Molly Burchfield ’19 Helps Develop a Vineyard Sustainability Measuring Program at Walla Walla Valley Vinea in Walla Walla, WA

Here is a situation: You run a vineyard and winery in Walla Walla, where the wine industry is booming. Amidst an oversaturated market, how do you set yourself apart from other wineries? You make great wine… and so do many others. How do you go the extra mile to show the consumer that YOURS is the wine they should buy? How do you get your wine from Walla Walla to compete with wines from long-known places like Napa Valley?

A group of vineyards in Walla Walla has an answer to this. They want to respond to consumer preferences by creating a program that evaluates and certifies vineyards’ for their sustainability. The program will be an eco-label of sorts, but it also more because it will focus not just on ecological elements of sustainability, but also on social and economic components. Creating such a comprehensive program would be complex in itself. What takes the project up to an even higher level of complexity and depth, is that the program framework is to be place-based and performance-based, rather than simply practice-based. What does that mean?

The program will operate exclusively in the Walla Walla Valley. Its ultimate goal is to gain wide-spread participation from vineyards in the area, and help the Valley be known in global markets for high quality, responsibly-grown wine. The tagline: place-based, globally relevant.

The next layer of complexity is in the use of performance standards, rather than practice-based evaluation. Practice-based evaluation is the current cannon of sustainability certification, but performance is rumored to be the future. Organic is perhaps the most famous eco-label, and is almost entirely practice-based because it evaluates agriculture based on how a crop is grown. The Walla Walla program will have a set of standard practices – for example, any chemical containers on site must be washed with approved methods in order to avoid contamination of soil and water. On top of those, the program will also examine the outcome of such practices. Meaning, rather than simply requiring vineyards to take action toward healthy soils and clean water, the program will measure factors like soil nitrogen content and the pH of wastewater in order to ensure that soil health and clean water are being upheld.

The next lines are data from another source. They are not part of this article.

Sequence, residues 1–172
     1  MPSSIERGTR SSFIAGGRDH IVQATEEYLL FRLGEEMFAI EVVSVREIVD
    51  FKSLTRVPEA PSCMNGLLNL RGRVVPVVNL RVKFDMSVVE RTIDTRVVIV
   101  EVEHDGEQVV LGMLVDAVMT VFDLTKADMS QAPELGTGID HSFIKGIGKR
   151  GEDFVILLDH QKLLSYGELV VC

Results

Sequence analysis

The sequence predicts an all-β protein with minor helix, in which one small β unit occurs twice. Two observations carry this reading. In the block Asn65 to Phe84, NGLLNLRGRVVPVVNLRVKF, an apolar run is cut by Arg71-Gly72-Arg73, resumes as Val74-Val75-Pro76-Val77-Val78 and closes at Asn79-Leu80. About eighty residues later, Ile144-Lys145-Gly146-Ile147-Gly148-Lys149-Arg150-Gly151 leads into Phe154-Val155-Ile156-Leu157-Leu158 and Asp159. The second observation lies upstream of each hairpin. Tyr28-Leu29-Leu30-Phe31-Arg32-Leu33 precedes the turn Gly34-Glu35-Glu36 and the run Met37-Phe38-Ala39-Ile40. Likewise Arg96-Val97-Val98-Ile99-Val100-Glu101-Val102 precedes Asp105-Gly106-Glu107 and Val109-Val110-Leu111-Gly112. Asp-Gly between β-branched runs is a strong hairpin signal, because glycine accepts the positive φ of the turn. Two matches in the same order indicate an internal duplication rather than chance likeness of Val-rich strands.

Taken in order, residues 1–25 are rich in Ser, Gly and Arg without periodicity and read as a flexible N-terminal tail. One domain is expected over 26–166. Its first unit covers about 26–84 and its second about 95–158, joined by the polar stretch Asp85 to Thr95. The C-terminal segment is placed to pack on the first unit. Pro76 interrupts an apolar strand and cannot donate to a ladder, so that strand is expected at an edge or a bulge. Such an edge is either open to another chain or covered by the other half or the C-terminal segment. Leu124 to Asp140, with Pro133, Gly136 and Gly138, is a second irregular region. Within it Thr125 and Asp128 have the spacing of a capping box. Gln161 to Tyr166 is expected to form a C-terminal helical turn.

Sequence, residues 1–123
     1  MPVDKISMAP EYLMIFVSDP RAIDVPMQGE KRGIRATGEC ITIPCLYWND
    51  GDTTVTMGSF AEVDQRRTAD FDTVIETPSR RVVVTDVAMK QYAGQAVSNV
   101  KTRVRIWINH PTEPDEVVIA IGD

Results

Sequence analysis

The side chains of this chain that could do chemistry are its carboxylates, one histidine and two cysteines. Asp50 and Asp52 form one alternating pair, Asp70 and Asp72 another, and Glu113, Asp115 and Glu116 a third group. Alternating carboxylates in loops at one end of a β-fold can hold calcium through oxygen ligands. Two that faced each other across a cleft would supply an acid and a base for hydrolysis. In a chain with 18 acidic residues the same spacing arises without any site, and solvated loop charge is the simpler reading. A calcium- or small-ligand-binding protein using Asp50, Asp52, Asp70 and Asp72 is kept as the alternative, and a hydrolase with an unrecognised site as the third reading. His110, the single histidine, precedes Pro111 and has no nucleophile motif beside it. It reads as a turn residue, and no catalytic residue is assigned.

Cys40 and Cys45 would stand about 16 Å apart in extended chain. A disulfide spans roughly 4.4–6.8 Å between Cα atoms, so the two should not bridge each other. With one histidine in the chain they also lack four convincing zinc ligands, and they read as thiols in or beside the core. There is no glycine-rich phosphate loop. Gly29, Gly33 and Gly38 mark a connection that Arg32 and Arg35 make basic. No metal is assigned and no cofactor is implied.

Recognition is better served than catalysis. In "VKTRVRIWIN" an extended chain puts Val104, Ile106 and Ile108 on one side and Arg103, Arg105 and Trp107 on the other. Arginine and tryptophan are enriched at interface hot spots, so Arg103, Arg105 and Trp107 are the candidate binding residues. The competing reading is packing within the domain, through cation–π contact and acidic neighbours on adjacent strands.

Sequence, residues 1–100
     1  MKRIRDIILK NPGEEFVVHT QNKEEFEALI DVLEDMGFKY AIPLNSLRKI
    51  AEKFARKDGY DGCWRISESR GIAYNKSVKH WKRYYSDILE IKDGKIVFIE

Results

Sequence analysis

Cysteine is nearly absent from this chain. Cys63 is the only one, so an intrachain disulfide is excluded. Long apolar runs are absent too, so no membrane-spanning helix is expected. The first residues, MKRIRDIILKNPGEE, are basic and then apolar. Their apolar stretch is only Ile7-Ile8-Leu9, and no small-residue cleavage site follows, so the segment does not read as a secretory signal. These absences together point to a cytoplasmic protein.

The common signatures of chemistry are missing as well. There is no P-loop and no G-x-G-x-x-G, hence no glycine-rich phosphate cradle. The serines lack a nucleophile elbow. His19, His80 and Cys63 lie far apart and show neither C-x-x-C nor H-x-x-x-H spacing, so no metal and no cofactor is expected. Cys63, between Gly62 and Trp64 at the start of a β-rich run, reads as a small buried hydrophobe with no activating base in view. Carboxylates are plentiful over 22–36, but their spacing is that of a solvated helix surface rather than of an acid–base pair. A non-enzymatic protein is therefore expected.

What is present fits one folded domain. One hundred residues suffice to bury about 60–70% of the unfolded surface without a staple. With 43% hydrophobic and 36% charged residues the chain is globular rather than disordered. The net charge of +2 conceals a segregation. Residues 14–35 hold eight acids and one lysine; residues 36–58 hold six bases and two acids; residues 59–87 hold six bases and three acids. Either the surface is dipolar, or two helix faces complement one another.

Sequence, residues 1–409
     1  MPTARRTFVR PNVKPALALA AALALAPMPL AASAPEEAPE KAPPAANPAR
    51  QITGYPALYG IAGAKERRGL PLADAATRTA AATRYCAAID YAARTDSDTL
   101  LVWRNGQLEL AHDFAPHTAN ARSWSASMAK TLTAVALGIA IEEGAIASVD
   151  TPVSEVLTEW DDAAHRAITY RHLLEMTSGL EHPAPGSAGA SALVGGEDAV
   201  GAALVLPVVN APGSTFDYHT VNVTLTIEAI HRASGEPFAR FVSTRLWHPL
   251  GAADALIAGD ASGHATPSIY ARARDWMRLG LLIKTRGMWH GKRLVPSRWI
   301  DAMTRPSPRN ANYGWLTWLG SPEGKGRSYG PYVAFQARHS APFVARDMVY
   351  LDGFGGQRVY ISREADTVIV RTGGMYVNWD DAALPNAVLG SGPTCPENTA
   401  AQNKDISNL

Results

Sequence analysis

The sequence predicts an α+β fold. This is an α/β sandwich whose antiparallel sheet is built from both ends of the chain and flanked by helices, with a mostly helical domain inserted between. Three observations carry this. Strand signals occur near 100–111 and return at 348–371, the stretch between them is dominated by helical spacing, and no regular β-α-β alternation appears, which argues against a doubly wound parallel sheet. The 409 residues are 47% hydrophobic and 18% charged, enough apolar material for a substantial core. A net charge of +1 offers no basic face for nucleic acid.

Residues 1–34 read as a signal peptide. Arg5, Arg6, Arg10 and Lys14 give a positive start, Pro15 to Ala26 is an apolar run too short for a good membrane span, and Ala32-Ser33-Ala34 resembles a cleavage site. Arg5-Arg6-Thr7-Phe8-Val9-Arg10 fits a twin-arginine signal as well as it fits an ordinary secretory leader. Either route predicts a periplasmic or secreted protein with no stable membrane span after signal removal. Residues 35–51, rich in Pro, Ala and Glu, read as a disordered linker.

This is where the project gets truly complex, and ambitious. The goal becomes to set numbers that define “sustainability” in the Walla Walla Valley. There are inherent difficulties in this, both philosophical and practical side. For example, while some of those numbers can currently be set in a scientifically sound way, there are also areas in which no data exists to inform decisions. This leaves the program in a tricky place, with decisions to make about how to move forward.

Should they try to collect data themselves? Should they launch the program as one that will be highly adaptive in its initial years, as values are added and edited according to new data? The first route runs the risk of taking too long. The second runs the risk of losing marketplace credibility.

I enter into this time of many questions under the guidance of Whitman alumnus Kevin Scribner, with the goal of creating a document that will be the written guide to the certification program. So far, I have spent my internship time researching. A lot. I have also met with a few people who know far more than I do about vineyards and wine and certification programs, and started drafting the written document. It feels a bit like school in the type of work I do, but here, there are no established answers to the questions.

Experiences like Molly’s are made possible by the Whitman Internship Grant, which provides funding for students to participate in unpaid internships at both for-profit and non-profit organizations. To learn how you could secure a Whitman Internship Grant or host a Whitman intern at your organization, click here or contact Assistant Director for Internship Programs Victoria Wolff

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